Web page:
Coal struggles continue for Norfolk Southern - WOWK 13 Charleston, Huntington WV News, Weather, Sports

Coal struggles continue for Norfolk Southern

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By JIM ROSS

For The State Journal

The coal business continues to be a problem for Norfolk Southern Corp., but its container train business through southern West Virginia continues to increase.

Those were among the observations and revelations made by company executives last week as the railroad released its first-quarter earnings report, followed by a conference call the executives had with investment analysts.

In the first quarter, Norfolk Southern reported net income of $368 million, down from $450 million a year ago. Coal revenues totaled $541 million, down from $635 million in the first quarter of 2013 and $766 million in the first quarter of 2012.

Coal shipments in the utility market were down 12 percent in the quarter. Export shipments were down 23 percent and domestic metallurgical coal shipments were down 21 percent. Industrial coal shipments were up 10 percent. Total coal tonnage hauled on the railroad was 14 percent lower than last year’s first quarter.

During the conference call, NS Chairman and CEO Wick Moorman said, “Coal continues to be a wild card, with utility volumes more stable, but export volumes more uncertain.”

Donald Seale, the railroad’s chief marketing officer, told analysts, “We’re very encouraged with respect to utility coal. We think it’s going to be better than what we thought it was going to be in December, for sure.”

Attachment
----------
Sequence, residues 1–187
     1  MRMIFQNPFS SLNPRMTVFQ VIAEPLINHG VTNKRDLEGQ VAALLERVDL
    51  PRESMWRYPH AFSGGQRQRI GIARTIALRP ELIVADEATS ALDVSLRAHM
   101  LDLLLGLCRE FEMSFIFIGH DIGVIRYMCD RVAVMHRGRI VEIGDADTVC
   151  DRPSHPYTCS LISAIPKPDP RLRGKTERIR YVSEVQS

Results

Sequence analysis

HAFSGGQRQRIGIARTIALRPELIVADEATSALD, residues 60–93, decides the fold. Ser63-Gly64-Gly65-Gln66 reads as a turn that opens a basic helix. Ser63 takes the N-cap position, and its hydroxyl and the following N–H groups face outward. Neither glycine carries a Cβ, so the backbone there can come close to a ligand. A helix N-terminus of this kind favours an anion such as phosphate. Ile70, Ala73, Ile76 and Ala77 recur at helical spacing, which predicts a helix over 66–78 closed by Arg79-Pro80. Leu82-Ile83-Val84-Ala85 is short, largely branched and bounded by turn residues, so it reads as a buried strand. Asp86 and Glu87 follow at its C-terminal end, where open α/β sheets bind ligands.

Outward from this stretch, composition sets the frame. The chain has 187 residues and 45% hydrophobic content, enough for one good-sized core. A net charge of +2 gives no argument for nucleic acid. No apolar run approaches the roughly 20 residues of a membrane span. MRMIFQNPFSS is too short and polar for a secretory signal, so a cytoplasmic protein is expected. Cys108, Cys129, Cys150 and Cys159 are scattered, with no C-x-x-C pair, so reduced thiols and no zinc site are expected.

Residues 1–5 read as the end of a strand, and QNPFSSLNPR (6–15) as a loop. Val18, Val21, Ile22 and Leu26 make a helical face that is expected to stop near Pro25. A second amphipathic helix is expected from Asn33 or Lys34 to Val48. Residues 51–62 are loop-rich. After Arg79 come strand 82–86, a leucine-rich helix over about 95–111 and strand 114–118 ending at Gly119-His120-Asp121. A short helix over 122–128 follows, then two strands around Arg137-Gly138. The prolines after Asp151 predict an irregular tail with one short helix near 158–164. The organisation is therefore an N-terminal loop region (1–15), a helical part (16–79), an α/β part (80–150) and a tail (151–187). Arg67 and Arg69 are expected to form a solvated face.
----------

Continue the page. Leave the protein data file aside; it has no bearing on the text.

“The export coal market has deteriorated in general, and we are not as optimistic about that, so that will be a deflater in volume, but in the merchandise and intermodal segments, we feel optimistic and encouraged,” he said.

Extreme winter patterns in the first quarter improved the demand for utility coal, with stockpile days at power plants served by Norfolk Southern falling an estimated 34 percent from December, Seale said.

“In terms of our mix of coal sourcing, Illinois Basin was about 18 percent,” he said. “(Powder River Basin) was about 16 percent. Central App was a little over 40 percent and Northern App made up the balance.”

As utilities replenish their stockpiles coming off a hard winter, Norfolk Southern expects to see more Illinois Basin coal going South, Seale said.

“We will see more Northern App coal flowing into the South, into North Carolina in particular,” he said. “PRB coal will expand on the margin to replenish stockpiles, primarily in the Southeast for us.

“And as far as the margins go, the overall mix should be favorable in utility on that incremental business as it moves longer haul from the Illinois Basin, as well in Northern App. Central App utility business (is) still higher cost, but we do expect some volume increases out of Central App. We believe that increase will be less than from Northern App and from Illinois Basin.”

While coal is having troubles, shipments related to gas and natural gas liquids drilling in shale regions will provide a growth market, Seale said.

“We anticipate continued strength in crude by rail, as well as shale-related liquid petroleum gas shipments,” he said. “Frac sand and other materials used for natural gas drilling in the Marcellus and Utica shale regions are also expected to increase.”

Seale also said Norfolk Southern continues to see strong growth opportunity in NGLs.

“Our first quarter volume was up 42 percent in that business,” he said. “Some of that was weather-related, but we see continued opportunities both in Marcellus and Utica, not only for shipments to the Gulf, but shipments within our network from the South to the North and a developing export market for butanes and propanes, as well.”

Container shipments on the Heartland Corridor, which includes track from Bluefield to Kenova, were up about 9 percent in the first quarter, Seale said. Norfolk Southern has sufficient capacity on its intermodal corridors to grow more over the next four to five years before it will have to invest significant amounts in capital improvements to accommodate heavier volumes, he said.

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